Proponents Hope Pot Banking Can Hitch Ride on Defense Bill
Supporters of marijuana banking reform legislation are urging lawmakers to include those reforms in the fiscal 2022 National Defense Authorization Act (NDAA), but the Senate is struggling to get its version of the bill across the finish line.
In a 45-51 procedural vote, the Senate on November 29 failed to begin debate on its substitute amendment to the House-passed NDAA (H.R. 4350), which doesn’t include the banking provisions.
Five Senate Democrats joined the majority of Republicans in voting against the procedural motion, but Majority Leader Charles E. Schumer, D-N.Y., blamed Republicans for blocking the bill despite what he called a “fair process” for allowing ample debate and amendments from both parties. Schumer entered a motion to reconsider the failed vote at a later date.
The House passed H.R. 4350 in September, after approving the Secure and Fair Enforcement (SAFE) Banking Act of 2021 (H.R. 1996) as an amendment. The SAFE Banking Act would allow access to banking services for cannabis businesses operating in states where marijuana sales are legal by exempting financial institutions from federal investigation or prosecution for providing those services.
Many cannabis businesses are unbanked, operating on a cash-only basis and paying federal and state taxes in cash and only at designated offices where the tax authorities can accept it — roadblocks that most other legal businesses don’t face. Proponents argue that increased access to banks would lead to less reliance on cash, improving public safety and increasing tax compliance for those businesses.
The September vote marked the fifth time the SAFE Banking Act has passed the House in some form over the past two Congresses. Now supporters of the bill want to see the Senate follow suit.
A bipartisan group of Senate Armed Services Committee members, led by Sen. Jacky Rosen, D-Nev., sent a November 23 letter to the leaders of the House and Senate Armed Services committees requesting that a final conference agreement include the SAFE Banking Act provisions. The letter echoes prior arguments casting it as a public safety bill.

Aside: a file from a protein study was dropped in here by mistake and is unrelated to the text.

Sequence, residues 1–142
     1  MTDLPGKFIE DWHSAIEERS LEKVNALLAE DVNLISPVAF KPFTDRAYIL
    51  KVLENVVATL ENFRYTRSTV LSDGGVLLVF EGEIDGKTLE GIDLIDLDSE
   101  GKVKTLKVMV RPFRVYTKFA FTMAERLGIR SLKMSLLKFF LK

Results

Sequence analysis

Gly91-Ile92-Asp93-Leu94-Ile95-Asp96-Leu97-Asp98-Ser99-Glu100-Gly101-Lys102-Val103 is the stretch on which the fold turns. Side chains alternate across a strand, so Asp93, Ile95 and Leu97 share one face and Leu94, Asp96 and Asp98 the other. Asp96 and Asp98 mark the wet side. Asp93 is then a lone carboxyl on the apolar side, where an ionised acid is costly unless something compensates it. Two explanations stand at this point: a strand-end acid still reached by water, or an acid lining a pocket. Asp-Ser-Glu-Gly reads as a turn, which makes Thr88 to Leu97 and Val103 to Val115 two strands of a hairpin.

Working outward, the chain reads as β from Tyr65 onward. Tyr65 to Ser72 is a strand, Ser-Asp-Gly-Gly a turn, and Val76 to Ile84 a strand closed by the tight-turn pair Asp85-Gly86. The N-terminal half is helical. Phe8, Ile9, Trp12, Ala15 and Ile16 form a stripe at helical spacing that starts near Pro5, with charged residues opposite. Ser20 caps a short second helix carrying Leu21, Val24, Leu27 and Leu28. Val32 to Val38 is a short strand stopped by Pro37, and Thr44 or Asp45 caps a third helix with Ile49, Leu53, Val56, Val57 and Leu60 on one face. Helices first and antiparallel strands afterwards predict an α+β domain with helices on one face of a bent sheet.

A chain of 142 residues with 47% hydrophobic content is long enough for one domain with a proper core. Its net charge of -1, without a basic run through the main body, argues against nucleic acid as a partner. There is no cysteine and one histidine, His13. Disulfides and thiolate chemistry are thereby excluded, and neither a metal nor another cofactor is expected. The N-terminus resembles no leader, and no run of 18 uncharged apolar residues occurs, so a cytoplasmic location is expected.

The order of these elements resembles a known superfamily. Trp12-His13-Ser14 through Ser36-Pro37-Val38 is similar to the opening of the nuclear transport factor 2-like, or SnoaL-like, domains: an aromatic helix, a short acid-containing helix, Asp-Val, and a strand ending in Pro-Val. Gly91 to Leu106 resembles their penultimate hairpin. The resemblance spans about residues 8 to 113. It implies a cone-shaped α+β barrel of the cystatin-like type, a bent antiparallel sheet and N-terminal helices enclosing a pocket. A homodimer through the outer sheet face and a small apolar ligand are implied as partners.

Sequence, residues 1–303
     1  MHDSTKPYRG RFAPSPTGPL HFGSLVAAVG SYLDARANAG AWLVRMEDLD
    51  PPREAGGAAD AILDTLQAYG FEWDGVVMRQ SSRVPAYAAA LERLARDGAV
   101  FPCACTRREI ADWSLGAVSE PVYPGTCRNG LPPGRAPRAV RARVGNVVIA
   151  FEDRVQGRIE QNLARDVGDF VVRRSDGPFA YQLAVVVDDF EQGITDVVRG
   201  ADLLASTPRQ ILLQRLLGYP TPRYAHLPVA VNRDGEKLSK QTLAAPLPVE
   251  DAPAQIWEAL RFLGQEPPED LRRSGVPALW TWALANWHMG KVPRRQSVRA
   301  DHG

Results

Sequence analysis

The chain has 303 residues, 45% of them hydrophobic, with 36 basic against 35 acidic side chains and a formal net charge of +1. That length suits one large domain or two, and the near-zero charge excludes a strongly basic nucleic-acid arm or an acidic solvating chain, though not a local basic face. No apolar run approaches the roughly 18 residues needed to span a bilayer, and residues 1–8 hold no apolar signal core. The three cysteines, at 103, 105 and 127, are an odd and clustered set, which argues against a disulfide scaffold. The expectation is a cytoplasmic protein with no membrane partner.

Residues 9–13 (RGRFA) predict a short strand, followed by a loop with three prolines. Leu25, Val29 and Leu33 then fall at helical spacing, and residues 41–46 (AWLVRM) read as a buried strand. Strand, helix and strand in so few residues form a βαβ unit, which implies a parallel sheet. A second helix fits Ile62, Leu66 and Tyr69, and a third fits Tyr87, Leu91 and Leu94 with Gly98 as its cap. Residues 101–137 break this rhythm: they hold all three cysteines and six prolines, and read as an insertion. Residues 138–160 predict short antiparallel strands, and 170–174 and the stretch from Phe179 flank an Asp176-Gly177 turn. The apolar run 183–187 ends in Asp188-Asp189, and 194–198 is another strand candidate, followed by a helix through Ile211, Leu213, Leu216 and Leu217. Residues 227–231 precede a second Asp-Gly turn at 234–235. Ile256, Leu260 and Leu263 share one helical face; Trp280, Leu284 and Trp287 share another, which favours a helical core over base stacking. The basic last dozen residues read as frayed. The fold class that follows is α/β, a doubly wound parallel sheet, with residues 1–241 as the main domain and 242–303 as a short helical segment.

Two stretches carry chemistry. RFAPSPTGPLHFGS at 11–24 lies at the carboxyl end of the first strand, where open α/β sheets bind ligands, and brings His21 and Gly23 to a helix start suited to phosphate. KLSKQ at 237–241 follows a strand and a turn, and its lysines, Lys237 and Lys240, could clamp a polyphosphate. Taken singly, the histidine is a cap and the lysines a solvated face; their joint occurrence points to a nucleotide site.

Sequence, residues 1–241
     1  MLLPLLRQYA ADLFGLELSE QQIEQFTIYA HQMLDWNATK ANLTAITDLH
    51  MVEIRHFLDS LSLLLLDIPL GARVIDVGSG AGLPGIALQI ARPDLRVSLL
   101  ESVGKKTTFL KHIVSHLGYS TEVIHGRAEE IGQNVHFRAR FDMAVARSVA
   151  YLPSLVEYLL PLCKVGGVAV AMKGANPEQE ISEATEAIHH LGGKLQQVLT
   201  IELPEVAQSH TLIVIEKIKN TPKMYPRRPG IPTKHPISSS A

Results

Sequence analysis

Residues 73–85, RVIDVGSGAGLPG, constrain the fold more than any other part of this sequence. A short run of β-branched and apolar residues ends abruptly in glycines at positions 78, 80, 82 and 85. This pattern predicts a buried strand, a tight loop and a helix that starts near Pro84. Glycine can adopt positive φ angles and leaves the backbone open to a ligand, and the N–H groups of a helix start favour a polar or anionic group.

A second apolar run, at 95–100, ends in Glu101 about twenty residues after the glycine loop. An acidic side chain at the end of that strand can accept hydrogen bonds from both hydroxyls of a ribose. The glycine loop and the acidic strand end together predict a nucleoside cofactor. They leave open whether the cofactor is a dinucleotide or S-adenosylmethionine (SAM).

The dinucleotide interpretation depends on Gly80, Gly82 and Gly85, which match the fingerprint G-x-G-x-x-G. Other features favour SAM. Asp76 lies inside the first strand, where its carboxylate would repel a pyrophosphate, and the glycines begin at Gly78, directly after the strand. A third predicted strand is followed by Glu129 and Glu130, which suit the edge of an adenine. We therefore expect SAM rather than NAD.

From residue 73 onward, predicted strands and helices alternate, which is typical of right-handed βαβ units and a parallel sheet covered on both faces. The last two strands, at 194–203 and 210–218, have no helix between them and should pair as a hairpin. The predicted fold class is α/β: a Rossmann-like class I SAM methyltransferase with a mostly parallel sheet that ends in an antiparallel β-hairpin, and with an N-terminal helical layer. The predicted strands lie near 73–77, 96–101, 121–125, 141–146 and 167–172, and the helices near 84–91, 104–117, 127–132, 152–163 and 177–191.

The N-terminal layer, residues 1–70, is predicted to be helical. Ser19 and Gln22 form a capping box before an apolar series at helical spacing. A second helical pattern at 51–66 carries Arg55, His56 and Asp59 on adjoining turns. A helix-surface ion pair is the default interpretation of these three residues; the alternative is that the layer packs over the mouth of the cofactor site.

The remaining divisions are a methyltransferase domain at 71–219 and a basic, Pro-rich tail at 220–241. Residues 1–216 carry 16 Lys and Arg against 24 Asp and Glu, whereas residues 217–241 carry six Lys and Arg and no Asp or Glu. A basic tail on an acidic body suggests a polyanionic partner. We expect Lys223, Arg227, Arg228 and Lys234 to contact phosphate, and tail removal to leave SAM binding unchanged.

“Allowing cannabis businesses operating legally and in compliance with state law to access financial services without federal reprisal would address public safety and compliance challenges, helping communities reduce cash-motivated crimes,” says the letter, which was also signed by Sens. Gary C. Peters, D-Mich.; Angus S. King Jr., I-Maine; Kevin Cramer, R-N.D.; and Mark Edward Kelly, D-Ariz.
All those senators represent states where marijuana is either fully or partially legal. The two Democratic senators representing Colorado, where marijuana is fully legal, are also joining calls to ensure that the SAFE Banking Act is included in the final NDAA bill.
“Without federally-approved banking services, state-licensed cannabis businesses cannot write checks, make or receive electronic payments, utilize a payroll provider, or accept credit and debit cards. This is a serious public safety risk for our communities, inviting theft, tax evasion, robberies, burglaries, or worse,” Sens. John Wright Hickenlooper and Michael F. Bennet wrote in a November 24 letter to leaders of the Senate Armed Services and Banking, Housing, and Urban Development committees.
Hickenlooper and Bennet argued that marijuana legalization has had a “profound impact” on Colorado’s economy, leading to the creation of more than 35,000 jobs and bringing in over $1 billion in tax revenue.
The senators’ letters come after a bipartisan group of more than 20 state governors wrote a November 9 letter to Senate and House leaders urging them to include the SAFE Banking Act in the NDAA.
All the letters have argued for including the SAFE Banking Act in a conference agreement between the House and Senate, perhaps recognizing that any effort to attach the provisions to the NDAA in the Senate is a long shot. Senate Democratic leaders have indicated that they won’t support passage of the banking bill without linking it to broader marijuana decriminalization efforts.
The lead sponsor of the SAFE Banking Act in the House, Rep. Ed Perlmutter, D-Colo., recently took to Twitter to make the case for including his bill in the NDAA.
“Including #SAFEBanking in the final NDAA will help safeguard our financial system, reduce the public safety risk & help support Veteran & minority-owned businesses now. It will help pave the way for broader, comprehensive cannabis reform & create a safer, more equitable industry,” Perlmutter wrote in a November 24 tweet.